The country has chosen to put in a dual bid this year from both Milan in the region of Lombardy and the Alpine town of Cortina d'Ampezzo in the neighbouring Veneto region.
The head of Italy’s Olympic Committee (CONI), Giovanni Malagò, officially confirmed to Lombardy and Veneto governors Attilo Fontana and Luca Zaia that he had signed the application papers early Monday.
Fontana made the announcement during a meeting of his regional council the same day.
“It is news that we expected – we are very happy and we will start working hard to make an application that will be approved by the International Olympics Committee,” he said.
One person who wasn’t so happy to receive the news was Turin mayor Chiara Appendino.
“This candidacy is incomprehensible for us,” she told reporters at a press conference in Turin’s Chamber of Commerce.
“They are going to have to build facilities where there are none – Turin was the least expensive option and whoever takes on this decision is going to have to explain themselves to the country.”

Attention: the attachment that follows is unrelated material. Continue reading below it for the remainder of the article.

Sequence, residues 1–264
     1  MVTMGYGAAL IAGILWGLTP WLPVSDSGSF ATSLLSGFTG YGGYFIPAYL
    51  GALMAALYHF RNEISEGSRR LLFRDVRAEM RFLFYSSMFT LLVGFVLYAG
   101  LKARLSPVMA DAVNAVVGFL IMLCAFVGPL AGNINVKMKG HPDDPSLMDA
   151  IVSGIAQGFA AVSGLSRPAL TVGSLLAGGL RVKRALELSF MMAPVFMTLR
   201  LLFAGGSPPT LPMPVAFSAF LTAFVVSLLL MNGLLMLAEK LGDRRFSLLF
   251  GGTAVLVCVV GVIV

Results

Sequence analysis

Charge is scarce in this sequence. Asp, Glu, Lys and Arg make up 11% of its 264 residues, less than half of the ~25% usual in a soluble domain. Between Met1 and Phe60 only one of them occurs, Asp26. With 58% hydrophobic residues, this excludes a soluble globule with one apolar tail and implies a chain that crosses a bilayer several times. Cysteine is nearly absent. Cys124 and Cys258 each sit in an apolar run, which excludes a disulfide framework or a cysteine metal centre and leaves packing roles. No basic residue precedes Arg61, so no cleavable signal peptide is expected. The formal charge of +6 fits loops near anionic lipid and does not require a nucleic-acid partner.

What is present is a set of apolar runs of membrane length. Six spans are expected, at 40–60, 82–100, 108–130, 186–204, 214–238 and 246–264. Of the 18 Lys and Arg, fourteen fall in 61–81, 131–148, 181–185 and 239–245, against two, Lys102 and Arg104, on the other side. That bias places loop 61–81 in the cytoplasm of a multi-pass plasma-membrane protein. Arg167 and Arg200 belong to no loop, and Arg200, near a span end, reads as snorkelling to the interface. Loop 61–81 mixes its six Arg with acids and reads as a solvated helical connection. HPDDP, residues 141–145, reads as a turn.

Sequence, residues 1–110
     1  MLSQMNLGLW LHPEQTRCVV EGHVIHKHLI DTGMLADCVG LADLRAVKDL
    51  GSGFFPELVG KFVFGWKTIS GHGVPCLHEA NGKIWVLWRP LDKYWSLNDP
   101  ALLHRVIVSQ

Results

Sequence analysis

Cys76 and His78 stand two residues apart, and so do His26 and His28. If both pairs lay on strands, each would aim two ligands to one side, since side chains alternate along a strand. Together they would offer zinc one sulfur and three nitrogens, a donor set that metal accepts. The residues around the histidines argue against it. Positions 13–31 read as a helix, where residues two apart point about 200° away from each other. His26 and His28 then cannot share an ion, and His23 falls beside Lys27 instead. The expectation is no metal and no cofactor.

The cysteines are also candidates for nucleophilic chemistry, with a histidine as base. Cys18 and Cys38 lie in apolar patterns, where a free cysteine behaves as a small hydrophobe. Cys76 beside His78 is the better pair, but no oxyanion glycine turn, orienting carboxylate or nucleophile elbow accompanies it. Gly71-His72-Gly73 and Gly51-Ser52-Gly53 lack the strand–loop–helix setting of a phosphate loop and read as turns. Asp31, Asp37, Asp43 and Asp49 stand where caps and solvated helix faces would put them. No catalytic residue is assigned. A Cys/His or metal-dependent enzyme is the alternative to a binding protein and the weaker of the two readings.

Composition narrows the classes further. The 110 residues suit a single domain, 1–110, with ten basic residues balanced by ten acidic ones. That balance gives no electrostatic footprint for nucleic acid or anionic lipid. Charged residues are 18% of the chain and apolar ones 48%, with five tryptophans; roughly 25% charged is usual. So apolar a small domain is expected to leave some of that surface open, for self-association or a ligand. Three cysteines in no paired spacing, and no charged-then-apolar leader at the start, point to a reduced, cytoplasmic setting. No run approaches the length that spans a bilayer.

“Turin's candidacy is still in play,” she insisted.
CONI had initially planned to put in a three-city bid with Milan, Cortina, and Turin, but dropped Turin from the process in September due to in-fighting over leadership of the bid, according to the Associated Press.
In response to reporters' questions about how Italy would come up with the funds necessary to finance the event, an elated Fontana said “Let's start by winning, then we'll talk about it. The funds are not the main problem, that can be solved.”
Some sceptics have, however, noted that Veneto previously had to drop its candidacy to host the 2020 Cycling World Cup because it was unable to guarantee the 6 million euros needed to put together the event, according to La Repubblica.
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